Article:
Everyone suffers. It is an inescapable part of life in a fallen world. C.S. Lewis said it well: “Try to exclude the possibility of suffering which the order of nature and the existence of free-wills involve, and you find that you have excluded life itself.”
Some of us suffer very little, while others are called to weather nearly unbearable storms. Suffering may be primarily physical, but emotional and mental anguish are every bit as real, arduous and debilitating. What can make suffering particularly intolerable is the absence of anyone who understands. But we are never without Someone who understands (Heb 4:15; 1Pe 2:21-24). A look at the Ultimate Sufferer, our Lord Jesus Christ, not only confirms that He knows our pain, but teaches us what we can know about it. Perhaps these reminders may help to make our suffering more bearable.
For one, a call to suffer does not mean we are not loved. The Father’s love for the Son is eternal (Joh 17:24), and although that love was verbally expressed at particular points in the life of Christ (Mat 3:17; 17:5), there was no point within that life where His Father’s love ceased. Even while enduring the excruciating pain of Calvary, Jesus never questioned the love of His Father. Nor should we. He loves us no less when we suffer.
Second, suffering is not necessarily punishment for our failures. It can be (Hebrews 12), but a look at the cross tells us that it might not be. Christ’s suffering was for our sins, being sinless Himself. Even the life of Job confirms that not all trials are the result of personal sin, notwithstanding the relentless accusations of his friends. We tend to obsess over what personal failings may be the reason for our suffering. However, it’s more important to see suffering’s potential than to determine its cause.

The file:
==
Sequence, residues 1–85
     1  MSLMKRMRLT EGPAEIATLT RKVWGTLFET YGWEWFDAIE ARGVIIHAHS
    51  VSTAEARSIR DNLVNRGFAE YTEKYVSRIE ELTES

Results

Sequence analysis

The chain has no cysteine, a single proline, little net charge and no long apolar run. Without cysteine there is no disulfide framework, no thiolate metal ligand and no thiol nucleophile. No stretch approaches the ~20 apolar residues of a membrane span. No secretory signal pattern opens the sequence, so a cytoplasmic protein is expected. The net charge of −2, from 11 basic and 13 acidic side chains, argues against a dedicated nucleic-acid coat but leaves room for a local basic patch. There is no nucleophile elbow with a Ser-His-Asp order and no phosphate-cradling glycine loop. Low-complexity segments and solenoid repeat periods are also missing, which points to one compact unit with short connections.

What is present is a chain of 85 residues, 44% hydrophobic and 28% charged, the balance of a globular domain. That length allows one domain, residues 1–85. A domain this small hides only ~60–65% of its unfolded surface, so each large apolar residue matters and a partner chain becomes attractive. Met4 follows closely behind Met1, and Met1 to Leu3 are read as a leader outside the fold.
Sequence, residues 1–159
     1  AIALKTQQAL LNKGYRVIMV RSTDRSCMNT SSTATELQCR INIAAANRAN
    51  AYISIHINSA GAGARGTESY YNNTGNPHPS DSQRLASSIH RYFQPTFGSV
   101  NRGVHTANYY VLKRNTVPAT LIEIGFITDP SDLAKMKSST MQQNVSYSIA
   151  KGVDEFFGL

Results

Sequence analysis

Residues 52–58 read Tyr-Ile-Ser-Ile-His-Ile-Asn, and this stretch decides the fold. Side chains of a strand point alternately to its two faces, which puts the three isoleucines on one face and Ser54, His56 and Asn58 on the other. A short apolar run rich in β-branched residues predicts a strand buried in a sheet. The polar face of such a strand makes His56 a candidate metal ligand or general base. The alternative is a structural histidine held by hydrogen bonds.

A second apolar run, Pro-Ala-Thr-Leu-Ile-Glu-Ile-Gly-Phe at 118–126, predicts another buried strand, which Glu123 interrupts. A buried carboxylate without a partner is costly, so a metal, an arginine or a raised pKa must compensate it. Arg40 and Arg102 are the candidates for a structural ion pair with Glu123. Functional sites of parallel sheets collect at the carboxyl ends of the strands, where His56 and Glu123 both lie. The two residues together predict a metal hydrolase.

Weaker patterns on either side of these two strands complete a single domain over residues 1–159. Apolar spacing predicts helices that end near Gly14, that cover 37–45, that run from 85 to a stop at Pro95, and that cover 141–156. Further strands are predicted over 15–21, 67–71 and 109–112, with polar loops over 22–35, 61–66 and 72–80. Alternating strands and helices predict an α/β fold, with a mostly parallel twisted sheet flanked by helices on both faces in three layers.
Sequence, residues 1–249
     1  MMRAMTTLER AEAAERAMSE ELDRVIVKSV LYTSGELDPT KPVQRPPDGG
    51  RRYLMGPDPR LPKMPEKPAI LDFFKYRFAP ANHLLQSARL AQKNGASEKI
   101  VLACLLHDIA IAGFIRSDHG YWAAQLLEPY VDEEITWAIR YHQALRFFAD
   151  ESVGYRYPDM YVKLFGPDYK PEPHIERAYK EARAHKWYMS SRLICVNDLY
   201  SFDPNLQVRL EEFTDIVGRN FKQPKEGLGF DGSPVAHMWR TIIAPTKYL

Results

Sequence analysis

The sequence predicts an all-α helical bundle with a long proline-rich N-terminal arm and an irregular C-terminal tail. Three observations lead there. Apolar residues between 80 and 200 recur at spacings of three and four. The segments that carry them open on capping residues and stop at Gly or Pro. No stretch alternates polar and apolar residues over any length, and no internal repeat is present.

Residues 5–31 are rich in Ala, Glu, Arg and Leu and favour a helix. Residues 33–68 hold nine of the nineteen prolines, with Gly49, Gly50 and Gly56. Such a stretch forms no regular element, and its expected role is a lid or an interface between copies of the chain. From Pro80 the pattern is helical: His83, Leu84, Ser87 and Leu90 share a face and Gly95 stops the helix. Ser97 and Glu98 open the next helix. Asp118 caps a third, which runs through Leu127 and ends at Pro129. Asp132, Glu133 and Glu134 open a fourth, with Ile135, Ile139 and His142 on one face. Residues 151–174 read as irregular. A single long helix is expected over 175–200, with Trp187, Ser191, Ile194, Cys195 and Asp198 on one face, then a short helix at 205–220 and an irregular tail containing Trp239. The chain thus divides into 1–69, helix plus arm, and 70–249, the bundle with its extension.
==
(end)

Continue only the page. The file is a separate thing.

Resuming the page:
Third, suffering may achieve a purpose for someone other than yourself. It may accomplish a refining work in our own lives, removing the dross of selfishness or other impurities. But a look at the cross teaches us that our pain may realize a purpose for others. Indeed, Christ “suffered for us” and we were healed by His stripes (1Pe 2:21,24). The experience of Joseph, whose suffering extended over many years, reminds us that personal hardship may lead to the blessing of others. His rise to power from prison saved not only his family but the nation of Egypt and other hungry souls who came to him. Also, we may wonder how many soldiers chained to Paul during his painful imprisonment experienced the liberating power of the gospel as he faithfully witnessed to them.
A final reminder is that glory will always follow suffering that is in God’s will (2Ti 2:12). We may suffer when we are out of God’s will. Suffering in itself does not lead to glory. But Jesus’ suffering did, for He always did the will of His Father. The pain of Good Friday led to the glory of Easter Sunday. Glory awaits us also and “the sufferings of this present time are not worthy to be compared with the glory which shall be revealed in us” (Rom 8:18 KJV). So let us keep our eyes on the Ultimate Sufferer and take heart from lessons learned at the foot of His cross.
 C.S. Lewis, The Problem of Pain (New York, NY: Macmillan, 1944).